Eye For Film >> Movies >> The Odd Family: Zombie On Sale (2019) Film Review
The Odd Family: Zombie On Sale
Reviewed by: Jennie Kermode
Zombies. There are hordes of them out there. Most of them are difficult to distinguish one from another - all they do it shamble around trying to consume one's brains and one's viewing time and sometimes, as a critic, one wants to take off and nuke the whole lot of them from orbit. But then every now and again one appears who is different from the rest - a little more intelligent, perhaps, or possessed of a certain poignancy - and it gives one hope. This is the sort of zombie one wants to take home and adopt.
We first meet the Park family when Joon-gul (Jeong Jae-yeong) is out on the road at night in his tow truck, 'rescuing' city folk whose car has been damaged by caltrops mysteriously left lying around, then fixing their car at a massively inflated price. Out in the middle of nowhere, this is the only way that he and his family can make money from their run-down petrol station. Their fortunes change, however, when Joon-gul's father is set upon and bitten by a mysterious stranger whom his sleazy brother identifies as the possible victim of a recently exposed scandal at a pharmaceutical plant. When, the next day, the elderly man appears mysteriously rejuvenated, the family realise that the stranger, whom they have captured and imprisoned in their barn, could be a goldmine. Soon they are charging the local geriatric population a small fortune to get bitten. What could possibly go wrong?
Korean comedies are known for their quirkiness and The Odd Family combines this with a set of principal characters so wilfully obnoxious that it would be difficult not to like them - or at least, if you're the sort of person who enjoys such things, the rest of this film will make you happy. By contrast, its undead star, affectionately named Jjong-bi (and beautifully played by Jung Ga-ram) is a hapless and rather sweet sort of monster who is quickly trained to each ketchup-streaked cabbages instead of human brains and who develops a strong attachment to teenage daughter Hae-gul (Lee Soo-kyung), the only one who is kind to him. This blend of comedy and pathos keeps the film trundling along nicely until events take a turn the family did not expect and it turns out that their latest scam may have consequences on a national scale.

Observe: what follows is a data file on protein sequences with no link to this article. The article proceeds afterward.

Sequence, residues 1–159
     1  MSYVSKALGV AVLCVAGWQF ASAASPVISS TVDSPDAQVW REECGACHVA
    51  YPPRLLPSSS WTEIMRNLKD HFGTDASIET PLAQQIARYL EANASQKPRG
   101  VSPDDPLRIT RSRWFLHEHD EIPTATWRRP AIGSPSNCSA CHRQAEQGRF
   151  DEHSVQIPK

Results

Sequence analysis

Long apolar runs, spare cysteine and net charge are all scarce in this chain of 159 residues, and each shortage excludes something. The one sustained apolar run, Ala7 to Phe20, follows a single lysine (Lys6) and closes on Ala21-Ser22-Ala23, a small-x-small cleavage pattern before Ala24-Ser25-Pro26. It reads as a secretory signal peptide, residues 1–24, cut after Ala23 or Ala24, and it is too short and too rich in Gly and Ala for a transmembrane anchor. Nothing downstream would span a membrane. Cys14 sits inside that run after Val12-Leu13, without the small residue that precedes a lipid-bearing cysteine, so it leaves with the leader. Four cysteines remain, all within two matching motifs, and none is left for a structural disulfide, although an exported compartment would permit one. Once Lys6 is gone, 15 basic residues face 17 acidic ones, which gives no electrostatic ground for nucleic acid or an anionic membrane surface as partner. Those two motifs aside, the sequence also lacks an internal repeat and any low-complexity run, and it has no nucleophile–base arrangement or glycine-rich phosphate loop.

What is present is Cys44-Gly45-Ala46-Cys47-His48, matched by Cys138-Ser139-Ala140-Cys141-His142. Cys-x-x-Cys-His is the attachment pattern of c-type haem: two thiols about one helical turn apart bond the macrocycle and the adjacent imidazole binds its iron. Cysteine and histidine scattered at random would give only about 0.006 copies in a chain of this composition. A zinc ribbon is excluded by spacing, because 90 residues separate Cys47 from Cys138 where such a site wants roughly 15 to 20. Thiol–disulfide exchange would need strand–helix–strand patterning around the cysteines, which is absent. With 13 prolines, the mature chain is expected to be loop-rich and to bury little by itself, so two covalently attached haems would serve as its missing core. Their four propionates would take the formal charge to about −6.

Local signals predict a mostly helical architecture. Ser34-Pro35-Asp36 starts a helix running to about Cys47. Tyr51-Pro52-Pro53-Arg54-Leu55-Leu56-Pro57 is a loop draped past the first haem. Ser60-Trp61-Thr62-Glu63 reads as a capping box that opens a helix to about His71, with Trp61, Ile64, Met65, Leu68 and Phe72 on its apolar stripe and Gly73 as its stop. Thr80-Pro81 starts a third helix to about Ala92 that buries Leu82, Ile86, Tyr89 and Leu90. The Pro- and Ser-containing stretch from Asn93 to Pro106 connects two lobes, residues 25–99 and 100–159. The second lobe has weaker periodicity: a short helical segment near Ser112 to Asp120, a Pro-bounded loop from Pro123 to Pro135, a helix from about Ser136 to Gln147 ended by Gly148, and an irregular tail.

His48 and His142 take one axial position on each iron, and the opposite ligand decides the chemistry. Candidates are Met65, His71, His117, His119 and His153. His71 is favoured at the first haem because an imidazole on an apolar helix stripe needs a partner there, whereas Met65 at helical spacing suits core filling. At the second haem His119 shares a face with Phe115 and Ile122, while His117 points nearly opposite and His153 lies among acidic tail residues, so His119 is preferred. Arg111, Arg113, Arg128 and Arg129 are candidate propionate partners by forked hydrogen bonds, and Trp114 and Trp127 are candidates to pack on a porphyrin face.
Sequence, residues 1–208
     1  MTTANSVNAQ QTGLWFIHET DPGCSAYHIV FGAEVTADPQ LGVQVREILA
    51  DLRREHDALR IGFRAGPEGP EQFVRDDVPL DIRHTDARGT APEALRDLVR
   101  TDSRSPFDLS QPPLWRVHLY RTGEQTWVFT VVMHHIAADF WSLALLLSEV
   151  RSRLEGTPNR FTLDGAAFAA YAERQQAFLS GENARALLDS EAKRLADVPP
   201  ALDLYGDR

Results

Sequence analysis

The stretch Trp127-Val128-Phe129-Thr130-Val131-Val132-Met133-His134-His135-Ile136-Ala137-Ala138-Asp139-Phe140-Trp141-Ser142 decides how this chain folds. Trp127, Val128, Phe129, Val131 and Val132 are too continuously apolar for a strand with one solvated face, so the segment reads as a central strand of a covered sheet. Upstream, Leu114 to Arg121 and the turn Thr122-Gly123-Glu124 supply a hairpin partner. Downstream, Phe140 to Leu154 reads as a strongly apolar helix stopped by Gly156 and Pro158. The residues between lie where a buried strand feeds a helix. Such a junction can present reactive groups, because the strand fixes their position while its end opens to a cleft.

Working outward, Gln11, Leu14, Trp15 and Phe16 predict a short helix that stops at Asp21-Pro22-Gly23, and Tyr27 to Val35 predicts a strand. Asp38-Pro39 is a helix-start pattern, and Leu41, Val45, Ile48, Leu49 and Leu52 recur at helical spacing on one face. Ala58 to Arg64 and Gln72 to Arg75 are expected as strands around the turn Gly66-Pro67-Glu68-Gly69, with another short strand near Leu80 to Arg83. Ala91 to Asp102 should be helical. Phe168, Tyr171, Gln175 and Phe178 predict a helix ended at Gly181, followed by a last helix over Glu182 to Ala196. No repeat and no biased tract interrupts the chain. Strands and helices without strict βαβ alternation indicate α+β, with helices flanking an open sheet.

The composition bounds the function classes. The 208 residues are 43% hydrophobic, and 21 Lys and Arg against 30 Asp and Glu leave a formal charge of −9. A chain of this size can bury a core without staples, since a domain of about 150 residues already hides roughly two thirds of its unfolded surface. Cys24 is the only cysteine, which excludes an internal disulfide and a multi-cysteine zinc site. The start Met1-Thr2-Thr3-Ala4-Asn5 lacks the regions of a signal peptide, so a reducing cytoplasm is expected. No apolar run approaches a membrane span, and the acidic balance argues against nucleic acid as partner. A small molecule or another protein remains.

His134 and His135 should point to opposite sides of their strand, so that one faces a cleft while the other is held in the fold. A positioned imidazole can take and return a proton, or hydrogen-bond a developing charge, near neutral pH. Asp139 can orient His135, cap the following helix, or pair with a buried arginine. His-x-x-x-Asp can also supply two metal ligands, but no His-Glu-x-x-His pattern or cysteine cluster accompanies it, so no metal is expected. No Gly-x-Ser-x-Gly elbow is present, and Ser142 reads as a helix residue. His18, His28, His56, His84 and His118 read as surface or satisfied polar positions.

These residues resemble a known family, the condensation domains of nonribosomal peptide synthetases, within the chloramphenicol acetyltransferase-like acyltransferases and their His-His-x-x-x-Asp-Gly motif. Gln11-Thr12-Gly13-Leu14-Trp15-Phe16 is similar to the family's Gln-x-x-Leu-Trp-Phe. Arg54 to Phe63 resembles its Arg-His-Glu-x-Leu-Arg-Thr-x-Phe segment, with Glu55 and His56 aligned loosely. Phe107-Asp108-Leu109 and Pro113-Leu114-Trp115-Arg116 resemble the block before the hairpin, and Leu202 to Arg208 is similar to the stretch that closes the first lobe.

Screening at this year's Fantasia International Film Festival, this is a playful film which exhibits some nice directorial flourishes when the pace picks up. There's great ensemble work from the cast, human and otherwise, and a real sense of urgency to the action scenes even if this isn't the scariest zombie film you'll ever see. Director Lee min-jae makes good use of the rural locations to tell a story that's as much about the cultural divisions in South Korean society as it is about the undead, but there's no danger of it getting too serious. It doesn't need to be fierce. Being bitten by it is a pleasure.Reviewed on: 30 Jul 2019